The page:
Sonny Gray and Erasmo Ramirez, two young right-handers off to promising starts this season, will face off Sunday at 1:05 p.m. PT at O.co Coliseum in Oakland as the A's and Mariners wrap up what turned into a three-game series.
Both clubs wound up staying with their original Sunday starters, even after Friday's game was postponed by unsafe playing conditions following rain that softened the infield in Oakland.
Tommy Milone, originally scheduled to start Saturday, will miss his turn in the rotation as A's manager Bob Melvin bumped Friday starter Dan Straily back to that spot following the weather issue. The Mariners moved scheduled Friday starter Chris Young into the bullpen as a long man for now, staying with Felix Hernandez on Saturday and Ramirez on Sunday.
Hernandez picked up the victory in Saturday's 3-1 win for Seattle, which improved to 4-1 and will shoot for its second series win of the young season in Sunday's finale.
Melvin's rotation switch was offset by having an extra day's rest for a bullpen that had to absorb 30 innings in two days, with a doubleheader Wednesday followed by a 12-inning victory over the Mariners on Thursday.
"That's the biggest thing, is that it gets you out of the routine that's important to you early in the season," Melvin said Saturday. "You play the cards you're dealt. Yesterday, I had a bullpen that probably wasn't anything close to full, and getting them a full day off, we'll be in a lot better shape."
Gray threw six scoreless innings against the Indians in the opener, with five hits, three walks and seven strikeouts in a game the A's wound up losing 2-0.
The 24-year-old right-hander was 1-0 with a 1.50 ERA in two starts against Seattle last year, allowing just five hits and five walks with 15 strikeouts in 12 innings.
Ramirez, 23, won his season debut against the Angels on Tuesday while allowing six hits and two runs in seven innings. The youngster from Nicaragua was given the No. 2 spot in the rotation after a spring injury to All-Star right-hander Hisashi Iwakuma. Ramirez responded with a strong spring (3-0, 1.14 ERA in six games) and followed that up with his quality start against the Angels.
Ramirez sees no reason to change anything as he seeks his first win against the A's after going 0-2 with a 3.78 ERA in four prior appearances.
"I'll just pitch the same, use all my pitches, try to get first-pitch strikes, try to get strikeouts or ground balls," Ramirez said. "That's always my goal: just attack, attack, attack. It was working in spring, so why change?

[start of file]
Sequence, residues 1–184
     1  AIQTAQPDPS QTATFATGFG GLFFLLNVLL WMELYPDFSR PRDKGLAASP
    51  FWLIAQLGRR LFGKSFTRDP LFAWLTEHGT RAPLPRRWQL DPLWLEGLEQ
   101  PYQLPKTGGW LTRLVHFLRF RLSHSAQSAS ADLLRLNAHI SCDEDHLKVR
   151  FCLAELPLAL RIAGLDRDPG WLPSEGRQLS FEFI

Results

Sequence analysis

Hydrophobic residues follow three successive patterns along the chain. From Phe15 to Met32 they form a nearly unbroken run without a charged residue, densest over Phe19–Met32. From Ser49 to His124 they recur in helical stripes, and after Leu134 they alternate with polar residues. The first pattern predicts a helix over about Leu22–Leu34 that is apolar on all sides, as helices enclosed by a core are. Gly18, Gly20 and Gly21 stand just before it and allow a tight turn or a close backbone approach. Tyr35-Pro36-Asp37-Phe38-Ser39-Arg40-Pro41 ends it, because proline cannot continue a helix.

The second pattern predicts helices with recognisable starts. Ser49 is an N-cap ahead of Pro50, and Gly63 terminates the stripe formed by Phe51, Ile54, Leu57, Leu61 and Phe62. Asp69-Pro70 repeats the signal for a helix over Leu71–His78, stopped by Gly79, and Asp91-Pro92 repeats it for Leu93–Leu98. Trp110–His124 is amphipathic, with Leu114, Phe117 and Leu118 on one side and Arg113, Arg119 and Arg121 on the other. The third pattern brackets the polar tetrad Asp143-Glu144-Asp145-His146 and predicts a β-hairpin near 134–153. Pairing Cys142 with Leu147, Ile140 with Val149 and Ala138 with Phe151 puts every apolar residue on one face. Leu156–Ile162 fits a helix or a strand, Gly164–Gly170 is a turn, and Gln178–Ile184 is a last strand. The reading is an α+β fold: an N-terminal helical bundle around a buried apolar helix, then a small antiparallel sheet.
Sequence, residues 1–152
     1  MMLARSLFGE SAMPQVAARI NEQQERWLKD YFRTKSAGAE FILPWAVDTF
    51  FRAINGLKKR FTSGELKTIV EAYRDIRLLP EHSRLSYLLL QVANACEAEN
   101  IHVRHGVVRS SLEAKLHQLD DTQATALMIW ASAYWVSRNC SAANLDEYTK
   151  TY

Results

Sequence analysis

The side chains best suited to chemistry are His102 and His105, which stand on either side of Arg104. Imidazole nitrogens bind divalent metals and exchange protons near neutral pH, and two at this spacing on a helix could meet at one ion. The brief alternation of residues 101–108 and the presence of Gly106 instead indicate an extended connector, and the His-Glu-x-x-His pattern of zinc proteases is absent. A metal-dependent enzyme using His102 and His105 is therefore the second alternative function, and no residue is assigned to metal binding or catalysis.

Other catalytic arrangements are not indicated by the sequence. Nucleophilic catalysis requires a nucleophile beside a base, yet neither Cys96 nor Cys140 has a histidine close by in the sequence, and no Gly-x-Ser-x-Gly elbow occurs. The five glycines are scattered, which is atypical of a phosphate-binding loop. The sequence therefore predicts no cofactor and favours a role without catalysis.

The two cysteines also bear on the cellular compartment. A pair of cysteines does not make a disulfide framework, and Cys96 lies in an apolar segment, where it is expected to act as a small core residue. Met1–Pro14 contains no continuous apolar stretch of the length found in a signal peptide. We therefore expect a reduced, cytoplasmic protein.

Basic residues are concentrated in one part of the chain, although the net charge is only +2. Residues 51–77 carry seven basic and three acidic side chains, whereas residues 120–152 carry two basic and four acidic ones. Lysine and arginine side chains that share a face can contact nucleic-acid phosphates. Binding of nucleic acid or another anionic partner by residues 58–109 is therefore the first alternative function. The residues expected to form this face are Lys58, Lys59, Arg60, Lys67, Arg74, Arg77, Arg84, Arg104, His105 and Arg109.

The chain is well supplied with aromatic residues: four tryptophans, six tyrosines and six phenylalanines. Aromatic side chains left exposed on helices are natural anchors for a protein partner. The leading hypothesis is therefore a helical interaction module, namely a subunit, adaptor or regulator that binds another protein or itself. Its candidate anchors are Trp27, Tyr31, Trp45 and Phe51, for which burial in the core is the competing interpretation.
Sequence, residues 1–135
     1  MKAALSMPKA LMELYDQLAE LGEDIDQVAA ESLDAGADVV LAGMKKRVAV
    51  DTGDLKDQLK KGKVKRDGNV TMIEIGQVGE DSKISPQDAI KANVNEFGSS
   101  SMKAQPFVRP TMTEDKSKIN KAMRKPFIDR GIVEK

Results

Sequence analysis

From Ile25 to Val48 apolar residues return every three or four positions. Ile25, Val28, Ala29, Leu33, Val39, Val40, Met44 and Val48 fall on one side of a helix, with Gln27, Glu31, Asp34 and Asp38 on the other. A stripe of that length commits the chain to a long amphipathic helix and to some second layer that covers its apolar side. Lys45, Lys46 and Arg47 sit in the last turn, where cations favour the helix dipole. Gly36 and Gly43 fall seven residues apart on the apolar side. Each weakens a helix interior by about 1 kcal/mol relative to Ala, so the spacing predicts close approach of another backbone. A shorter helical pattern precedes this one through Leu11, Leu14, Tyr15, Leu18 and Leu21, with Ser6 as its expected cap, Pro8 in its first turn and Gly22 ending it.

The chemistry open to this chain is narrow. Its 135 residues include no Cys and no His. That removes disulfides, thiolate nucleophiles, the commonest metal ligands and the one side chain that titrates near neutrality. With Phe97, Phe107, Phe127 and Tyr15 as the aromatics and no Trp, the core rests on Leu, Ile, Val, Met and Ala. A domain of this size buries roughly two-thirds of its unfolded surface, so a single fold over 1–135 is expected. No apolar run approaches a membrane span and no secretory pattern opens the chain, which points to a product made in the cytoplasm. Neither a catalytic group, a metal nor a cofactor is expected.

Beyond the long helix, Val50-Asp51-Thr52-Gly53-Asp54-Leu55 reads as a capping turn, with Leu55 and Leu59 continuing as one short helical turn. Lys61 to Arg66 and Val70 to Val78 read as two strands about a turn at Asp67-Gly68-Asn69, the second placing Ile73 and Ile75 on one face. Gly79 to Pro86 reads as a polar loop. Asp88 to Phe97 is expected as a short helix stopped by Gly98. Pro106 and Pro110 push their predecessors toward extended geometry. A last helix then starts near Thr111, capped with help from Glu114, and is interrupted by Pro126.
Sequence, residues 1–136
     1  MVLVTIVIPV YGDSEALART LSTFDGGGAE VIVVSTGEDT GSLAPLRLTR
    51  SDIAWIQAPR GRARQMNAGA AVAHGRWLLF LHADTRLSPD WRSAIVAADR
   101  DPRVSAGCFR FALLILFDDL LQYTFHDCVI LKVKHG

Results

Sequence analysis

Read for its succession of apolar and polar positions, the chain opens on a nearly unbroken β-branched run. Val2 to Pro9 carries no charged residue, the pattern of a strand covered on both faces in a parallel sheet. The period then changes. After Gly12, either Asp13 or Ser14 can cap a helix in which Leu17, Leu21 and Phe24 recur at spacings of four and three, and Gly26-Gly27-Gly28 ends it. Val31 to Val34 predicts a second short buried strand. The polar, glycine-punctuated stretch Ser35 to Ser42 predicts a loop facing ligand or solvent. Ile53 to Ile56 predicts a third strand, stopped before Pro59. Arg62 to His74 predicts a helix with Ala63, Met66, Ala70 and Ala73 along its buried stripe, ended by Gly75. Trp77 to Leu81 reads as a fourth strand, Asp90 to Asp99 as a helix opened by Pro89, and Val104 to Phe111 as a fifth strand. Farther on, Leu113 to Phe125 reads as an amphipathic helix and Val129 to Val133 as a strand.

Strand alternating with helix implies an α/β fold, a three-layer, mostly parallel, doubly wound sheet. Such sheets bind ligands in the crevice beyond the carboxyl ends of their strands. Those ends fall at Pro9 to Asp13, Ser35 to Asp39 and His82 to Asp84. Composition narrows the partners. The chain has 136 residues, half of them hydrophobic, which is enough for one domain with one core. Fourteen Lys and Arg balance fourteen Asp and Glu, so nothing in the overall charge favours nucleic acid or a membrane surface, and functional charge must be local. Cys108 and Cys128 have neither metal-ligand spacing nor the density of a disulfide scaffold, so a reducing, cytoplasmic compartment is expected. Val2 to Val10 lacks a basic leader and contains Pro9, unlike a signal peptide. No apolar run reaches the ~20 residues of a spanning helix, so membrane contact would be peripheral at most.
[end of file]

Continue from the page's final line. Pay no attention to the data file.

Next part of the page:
"That's the same thing my pitching coach said. Don't get crazy. If something has been working all Spring Training, why mess with it now? Everything was working, so keep the same routine."
Mariners: Walker getting closer to return
Top pitching prospect Taijuan Walker threw 72 pitches in a 4 1/3-inning Minor League rehab start on Friday for Class A High Desert, and he will make at least one more start before being ready to join the Mariners.
The 21-year-old was slowed this spring by a sore throwing shoulder, but he allowed just four hits and two runs (one earned) with one walk and seven strikeouts against Inland Empire.
"Everything went great," Mariners skipper Lloyd McClendon said. "He was clean. No setbacks. We'll continue to move forward."
McClendon said it hasn't been determined yet where Walker will make his next start, though he said it'll be at a warm-weather site and he'd likely throw 85-90 pitches.
Athletics: There's no place like home
The A's could only shake their head over the latest O.co Coliseum situation after Friday's game was postponed due to poor field conditions after a heavy overnight rain when the infield wasn't tarped.
That incident just added to the facility's recent woes, which have include sewage backups and flooded clubhouses.
"Love playing here and I love the atmosphere that we have during the game, but it's one of those things where you never know what to expect," reliever Sean Doolittle said. "When something like yesterday happens, you're incredibly frustrated. But you're so frustrated past the point of being angry, you just have to laugh at it.
"The same thing for when the sewage backs up for the third or fourth time. Like, what are you going to do? Get mad again? You have to take in stride, because it's amazing. You never know what's going to happen next."
• Mariners reliever Danny Farquhar struck out four of the first 10 batters he faced this season, putting his career strikeout rate at 12.53 per nine innings. That is the fifth-highest strikeout rate all-time by a pitcher with a minimum of 225 batters faced. The top four are Craig Kimbrel (15.12), Aroldis Chapman (14.68), Kenley Jansen (14.06) and Al Alburquerque (12.96).
• A's catcher John Jaso has 15 walks as a pinch-hitter since 2010, the most by any American League player in that span.